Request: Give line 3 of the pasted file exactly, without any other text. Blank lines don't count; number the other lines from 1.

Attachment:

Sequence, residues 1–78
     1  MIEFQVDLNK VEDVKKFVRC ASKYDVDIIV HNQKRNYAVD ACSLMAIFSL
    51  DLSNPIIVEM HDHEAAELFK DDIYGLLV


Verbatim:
    51  DLSNPIIVEM HDHEAAELFK DDIYGLLV